by Nguyen Pham, 2010 APAICS Intern
Surrounded by thousands of proud Americans who packed the National Mall for the Independence Day fireworks spectacular, one of my first experiences in DC was camping out on the Mall on Fourth of July. As the sky grew darker, the crowd also grew–a sea of families, couples, and summer interns. That I was sitting right beside the Washington Monument, listening to the outdoor concert blare country music, and watching the lights in the sky above our nation’s capital all contributed to an incredible feeling. I didn’t know it at the time, but that moment marked the beginning of a summer full of incredible experiences that I wouldn’t have known anywhere else in the world.
Interning at the Department of Veterans Affairs has offered me a wealth of different experiences, including learning to be in a professional environment. This professionalism, however, is not always the rule of thumb. There was a Sunday when the VA’s Assistant Secretary for Public and Intergovernmental Affairs, Tammy Duckworth, held a social event at her place that some of the VA interns attended. So excited to be meeting important figures on the DC scene, some of the other APAICS Interns and I talked about getting ready for days. We wore our crispest shirts and nicest shoes. We went up to the 25th floor, the penthouse. As soon as we stepped into the room, we realized everyone else was dressed in tank tops and flip flops. We looked like the biggest interns you’ve ever seen in DC. Professionals are people too.
I’ve also had the great opportunity to spend time at the VA Washington DC Medical Center, learning about programs for homeless veterans. Ending veterans’ homelessness is one of the VA’s priorities, and there are many different programs that VA employs to achieve this goal.
I attended two events in Montgomery County regarding new programs. One event was about setting up a telemental health service in the County. Telemental health operates like a video conference between a doctor and a patient, so that the doctor may see patients from off-site locations. Mental health programs are also very important to the VA, as suicide prevention is another top priority. It was great for me to see that this simple and very efficient technology is being incorporated into patient care. Another event was to discuss setting up a Community-Based Outpatient Clinic, a very basic functional clinic with a doctor, a nurse, a staffer, and the bare minimum equipment, in Montgomery County. The purpose of this clinic is the same as for the telemental health service, to provide access to veterans who cannot come to the Medical Center in DC.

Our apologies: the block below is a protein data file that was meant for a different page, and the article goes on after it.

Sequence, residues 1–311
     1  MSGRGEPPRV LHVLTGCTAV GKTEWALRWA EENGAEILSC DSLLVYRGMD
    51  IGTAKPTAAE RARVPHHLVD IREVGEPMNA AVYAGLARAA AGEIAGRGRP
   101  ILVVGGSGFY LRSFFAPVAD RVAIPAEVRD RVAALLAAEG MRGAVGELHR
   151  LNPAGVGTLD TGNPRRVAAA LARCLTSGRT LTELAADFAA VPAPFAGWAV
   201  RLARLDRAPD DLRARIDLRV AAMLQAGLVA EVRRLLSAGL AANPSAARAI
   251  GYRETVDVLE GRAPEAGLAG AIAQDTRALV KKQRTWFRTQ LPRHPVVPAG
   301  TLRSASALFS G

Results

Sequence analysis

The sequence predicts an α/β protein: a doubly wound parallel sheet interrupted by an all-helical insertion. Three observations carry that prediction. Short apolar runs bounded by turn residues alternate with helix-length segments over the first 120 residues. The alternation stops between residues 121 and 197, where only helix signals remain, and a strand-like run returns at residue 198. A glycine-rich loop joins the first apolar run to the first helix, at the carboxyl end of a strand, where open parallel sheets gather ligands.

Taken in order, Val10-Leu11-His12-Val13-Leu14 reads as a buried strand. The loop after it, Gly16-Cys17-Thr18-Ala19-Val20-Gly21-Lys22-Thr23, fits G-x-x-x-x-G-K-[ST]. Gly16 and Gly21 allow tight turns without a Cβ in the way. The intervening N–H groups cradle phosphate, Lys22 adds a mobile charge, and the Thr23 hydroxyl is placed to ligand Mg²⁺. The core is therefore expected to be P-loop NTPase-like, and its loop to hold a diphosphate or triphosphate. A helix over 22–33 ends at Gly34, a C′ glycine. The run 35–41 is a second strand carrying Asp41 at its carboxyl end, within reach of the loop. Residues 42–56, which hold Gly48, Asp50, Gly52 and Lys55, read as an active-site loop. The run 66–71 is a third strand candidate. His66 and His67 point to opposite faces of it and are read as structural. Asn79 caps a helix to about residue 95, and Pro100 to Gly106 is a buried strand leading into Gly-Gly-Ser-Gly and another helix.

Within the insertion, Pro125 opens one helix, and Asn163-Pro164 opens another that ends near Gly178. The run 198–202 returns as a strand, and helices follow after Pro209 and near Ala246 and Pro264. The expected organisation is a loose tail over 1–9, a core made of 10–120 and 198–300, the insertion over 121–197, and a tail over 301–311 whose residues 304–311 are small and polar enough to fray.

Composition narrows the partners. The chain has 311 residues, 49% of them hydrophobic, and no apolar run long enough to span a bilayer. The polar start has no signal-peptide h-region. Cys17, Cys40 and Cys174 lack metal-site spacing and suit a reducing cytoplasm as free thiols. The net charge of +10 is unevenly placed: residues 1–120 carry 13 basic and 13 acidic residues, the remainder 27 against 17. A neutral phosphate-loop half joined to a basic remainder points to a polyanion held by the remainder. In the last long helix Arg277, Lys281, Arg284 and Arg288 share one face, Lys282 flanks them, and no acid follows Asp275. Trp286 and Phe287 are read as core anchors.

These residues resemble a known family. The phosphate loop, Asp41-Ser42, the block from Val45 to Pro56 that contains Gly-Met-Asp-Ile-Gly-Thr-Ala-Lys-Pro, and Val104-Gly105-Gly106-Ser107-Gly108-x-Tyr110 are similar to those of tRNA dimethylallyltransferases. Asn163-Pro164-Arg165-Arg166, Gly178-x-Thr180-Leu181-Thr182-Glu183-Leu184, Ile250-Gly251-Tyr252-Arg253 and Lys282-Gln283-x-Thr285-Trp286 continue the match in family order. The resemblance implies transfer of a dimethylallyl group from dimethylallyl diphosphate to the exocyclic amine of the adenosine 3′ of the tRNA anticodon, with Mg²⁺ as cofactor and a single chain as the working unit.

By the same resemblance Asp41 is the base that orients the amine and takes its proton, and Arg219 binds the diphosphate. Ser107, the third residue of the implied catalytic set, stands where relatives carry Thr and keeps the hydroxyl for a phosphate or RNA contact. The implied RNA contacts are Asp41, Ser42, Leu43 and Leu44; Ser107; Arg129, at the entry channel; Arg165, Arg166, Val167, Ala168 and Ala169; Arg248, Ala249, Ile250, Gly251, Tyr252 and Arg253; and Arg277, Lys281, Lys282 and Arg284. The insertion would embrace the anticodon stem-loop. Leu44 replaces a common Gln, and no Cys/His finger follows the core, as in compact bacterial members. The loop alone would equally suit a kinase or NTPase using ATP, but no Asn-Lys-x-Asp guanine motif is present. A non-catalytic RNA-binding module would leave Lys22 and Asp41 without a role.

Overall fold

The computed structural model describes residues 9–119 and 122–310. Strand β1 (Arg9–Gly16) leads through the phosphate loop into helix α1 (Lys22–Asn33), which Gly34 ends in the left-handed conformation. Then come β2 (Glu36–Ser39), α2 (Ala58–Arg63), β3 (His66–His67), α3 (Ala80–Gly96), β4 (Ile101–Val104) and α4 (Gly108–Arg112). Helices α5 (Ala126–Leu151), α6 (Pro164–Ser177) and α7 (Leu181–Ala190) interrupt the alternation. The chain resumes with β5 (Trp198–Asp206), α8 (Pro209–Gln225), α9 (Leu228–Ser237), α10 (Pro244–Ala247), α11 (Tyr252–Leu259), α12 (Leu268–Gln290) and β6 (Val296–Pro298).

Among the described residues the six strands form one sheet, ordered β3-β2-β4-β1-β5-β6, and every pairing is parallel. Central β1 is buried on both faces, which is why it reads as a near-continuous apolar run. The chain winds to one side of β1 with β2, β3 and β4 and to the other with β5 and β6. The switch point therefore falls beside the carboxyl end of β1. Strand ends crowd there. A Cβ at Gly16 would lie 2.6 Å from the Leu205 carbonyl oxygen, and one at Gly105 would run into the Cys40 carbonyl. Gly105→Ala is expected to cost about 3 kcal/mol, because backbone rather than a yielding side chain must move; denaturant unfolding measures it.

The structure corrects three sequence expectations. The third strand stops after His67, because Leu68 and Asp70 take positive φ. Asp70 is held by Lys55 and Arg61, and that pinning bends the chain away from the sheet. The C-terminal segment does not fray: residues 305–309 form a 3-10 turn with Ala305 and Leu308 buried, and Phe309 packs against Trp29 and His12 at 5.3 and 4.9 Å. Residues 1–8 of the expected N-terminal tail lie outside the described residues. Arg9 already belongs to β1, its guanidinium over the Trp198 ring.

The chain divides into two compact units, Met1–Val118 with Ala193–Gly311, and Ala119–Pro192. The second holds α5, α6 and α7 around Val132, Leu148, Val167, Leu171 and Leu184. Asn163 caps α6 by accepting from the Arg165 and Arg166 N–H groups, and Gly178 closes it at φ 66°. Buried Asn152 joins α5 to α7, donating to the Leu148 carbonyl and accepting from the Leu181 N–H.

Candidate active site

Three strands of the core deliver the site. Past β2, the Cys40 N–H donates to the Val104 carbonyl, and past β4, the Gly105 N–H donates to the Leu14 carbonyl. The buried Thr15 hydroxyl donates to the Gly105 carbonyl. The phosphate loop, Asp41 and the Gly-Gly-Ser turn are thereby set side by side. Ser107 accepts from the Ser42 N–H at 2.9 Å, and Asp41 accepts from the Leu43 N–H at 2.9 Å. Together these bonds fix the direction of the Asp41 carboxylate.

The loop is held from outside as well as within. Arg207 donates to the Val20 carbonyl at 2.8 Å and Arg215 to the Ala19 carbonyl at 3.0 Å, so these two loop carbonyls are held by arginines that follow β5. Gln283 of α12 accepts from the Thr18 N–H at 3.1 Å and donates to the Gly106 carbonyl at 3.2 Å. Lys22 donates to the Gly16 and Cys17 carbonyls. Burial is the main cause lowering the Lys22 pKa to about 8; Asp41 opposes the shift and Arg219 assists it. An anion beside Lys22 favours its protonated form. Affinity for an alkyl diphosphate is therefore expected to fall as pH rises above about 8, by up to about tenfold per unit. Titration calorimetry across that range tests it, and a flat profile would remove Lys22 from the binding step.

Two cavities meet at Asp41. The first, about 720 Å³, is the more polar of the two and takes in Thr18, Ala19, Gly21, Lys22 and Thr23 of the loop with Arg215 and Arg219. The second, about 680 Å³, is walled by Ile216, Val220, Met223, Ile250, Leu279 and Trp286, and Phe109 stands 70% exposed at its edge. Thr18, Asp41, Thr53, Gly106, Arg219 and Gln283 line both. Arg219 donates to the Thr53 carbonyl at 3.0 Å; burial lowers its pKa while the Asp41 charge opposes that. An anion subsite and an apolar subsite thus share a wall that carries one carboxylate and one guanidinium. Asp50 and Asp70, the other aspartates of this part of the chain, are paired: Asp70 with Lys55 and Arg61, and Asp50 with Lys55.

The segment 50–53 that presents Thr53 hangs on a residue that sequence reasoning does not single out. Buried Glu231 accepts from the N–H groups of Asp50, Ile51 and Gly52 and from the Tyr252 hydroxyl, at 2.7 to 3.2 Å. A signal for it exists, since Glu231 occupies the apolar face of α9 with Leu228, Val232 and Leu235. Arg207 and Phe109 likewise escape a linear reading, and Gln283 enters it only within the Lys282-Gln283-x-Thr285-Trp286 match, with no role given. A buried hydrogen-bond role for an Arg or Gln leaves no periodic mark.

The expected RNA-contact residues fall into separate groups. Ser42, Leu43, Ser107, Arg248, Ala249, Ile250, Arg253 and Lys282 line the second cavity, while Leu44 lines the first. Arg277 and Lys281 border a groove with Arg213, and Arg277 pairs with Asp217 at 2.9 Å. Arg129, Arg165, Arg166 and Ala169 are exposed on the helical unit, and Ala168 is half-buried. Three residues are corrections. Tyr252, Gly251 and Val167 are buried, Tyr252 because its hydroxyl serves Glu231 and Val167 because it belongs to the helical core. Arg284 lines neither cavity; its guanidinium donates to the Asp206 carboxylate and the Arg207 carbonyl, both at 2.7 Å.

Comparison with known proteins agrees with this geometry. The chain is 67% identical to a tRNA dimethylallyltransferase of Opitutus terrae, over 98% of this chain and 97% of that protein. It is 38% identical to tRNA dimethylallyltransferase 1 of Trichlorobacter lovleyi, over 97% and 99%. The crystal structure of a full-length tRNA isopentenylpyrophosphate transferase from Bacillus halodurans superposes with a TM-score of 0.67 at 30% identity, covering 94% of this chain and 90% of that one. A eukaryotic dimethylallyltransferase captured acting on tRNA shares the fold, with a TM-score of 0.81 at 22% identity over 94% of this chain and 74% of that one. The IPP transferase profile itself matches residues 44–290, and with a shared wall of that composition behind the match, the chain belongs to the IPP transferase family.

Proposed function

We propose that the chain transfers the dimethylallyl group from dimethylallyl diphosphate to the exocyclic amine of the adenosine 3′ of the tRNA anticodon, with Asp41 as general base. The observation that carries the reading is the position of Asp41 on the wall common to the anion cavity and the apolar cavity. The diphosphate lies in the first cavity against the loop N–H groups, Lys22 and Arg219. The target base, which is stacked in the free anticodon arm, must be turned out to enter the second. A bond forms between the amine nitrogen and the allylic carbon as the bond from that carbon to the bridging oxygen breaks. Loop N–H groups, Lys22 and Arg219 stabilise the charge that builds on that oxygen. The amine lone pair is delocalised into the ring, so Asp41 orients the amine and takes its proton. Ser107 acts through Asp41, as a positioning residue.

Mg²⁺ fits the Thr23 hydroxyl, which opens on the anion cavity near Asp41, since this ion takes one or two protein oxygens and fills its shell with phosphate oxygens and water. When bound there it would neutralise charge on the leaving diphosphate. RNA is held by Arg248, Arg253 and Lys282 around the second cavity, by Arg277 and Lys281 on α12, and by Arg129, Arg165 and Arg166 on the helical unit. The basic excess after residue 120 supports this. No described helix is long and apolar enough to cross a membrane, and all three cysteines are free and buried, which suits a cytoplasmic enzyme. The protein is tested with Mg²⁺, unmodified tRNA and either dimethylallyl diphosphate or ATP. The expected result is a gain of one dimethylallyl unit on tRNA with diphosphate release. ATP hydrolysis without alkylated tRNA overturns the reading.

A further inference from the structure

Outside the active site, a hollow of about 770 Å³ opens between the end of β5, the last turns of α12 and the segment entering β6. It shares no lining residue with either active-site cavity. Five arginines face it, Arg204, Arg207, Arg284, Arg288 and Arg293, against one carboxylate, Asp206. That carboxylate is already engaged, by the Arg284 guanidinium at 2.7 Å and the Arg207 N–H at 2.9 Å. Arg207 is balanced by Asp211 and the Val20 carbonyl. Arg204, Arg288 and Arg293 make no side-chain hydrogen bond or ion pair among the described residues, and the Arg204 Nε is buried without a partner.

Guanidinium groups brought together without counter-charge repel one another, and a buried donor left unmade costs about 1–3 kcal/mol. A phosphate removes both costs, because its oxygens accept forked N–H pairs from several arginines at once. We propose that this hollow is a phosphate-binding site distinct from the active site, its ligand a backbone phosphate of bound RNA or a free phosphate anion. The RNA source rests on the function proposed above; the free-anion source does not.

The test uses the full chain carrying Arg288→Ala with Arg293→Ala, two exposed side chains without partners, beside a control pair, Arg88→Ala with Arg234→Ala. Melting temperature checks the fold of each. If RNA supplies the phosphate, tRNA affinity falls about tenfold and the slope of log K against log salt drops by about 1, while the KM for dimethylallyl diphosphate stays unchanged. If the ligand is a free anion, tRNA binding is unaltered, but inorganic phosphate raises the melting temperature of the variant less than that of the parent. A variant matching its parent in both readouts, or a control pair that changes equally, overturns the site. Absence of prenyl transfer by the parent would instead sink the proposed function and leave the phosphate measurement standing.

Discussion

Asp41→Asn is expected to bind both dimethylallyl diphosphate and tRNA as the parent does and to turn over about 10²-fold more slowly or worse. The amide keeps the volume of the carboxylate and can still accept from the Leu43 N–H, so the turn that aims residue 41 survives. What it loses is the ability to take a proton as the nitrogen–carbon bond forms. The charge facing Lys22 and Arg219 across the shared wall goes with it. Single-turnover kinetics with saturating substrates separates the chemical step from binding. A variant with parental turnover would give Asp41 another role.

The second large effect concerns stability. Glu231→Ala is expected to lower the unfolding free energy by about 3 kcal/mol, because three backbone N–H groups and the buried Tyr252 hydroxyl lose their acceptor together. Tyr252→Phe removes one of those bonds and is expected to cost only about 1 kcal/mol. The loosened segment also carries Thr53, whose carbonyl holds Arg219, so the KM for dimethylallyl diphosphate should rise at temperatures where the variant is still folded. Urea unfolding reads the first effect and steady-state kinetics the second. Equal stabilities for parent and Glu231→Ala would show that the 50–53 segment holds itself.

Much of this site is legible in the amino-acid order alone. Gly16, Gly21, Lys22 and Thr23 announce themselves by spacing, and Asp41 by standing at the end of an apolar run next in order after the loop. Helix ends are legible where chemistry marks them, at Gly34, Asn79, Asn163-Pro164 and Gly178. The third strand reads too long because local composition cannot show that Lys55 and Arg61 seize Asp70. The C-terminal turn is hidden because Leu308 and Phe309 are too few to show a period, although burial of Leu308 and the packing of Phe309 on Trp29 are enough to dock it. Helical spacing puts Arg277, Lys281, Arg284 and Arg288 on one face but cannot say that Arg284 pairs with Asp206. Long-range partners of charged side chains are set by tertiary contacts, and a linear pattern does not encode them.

Outside of work at the VA, my experience as part of the APAICS Summer Internship program has been invaluable. Our intern class has had opportunities like meeting Secretary Norman Mineta, one of the APAICS founders, and hearing his personal accounts of his childhood and time as a Cabinet member. We have all grown in our professional skills, leadership abilities, and personal talents. One of the best parts of APAICS for me has been getting to know other interns so well over the course of a single summer. In DC, you hear the “n” word (networking) thrown around aplenty. I know the members of my intern class are future civic leaders, and our shared experiences have tied us together in an incredible network we can call upon in the future years.
Nguyen Pham is a 2010 APAICS Summer Intern in the U.S. Department of Veterans Affairs, Corporate Senior Executive Management Office. She is a rising senior studying Human Biology with a focus in the application of human behavior to public policy issues at Stanford University.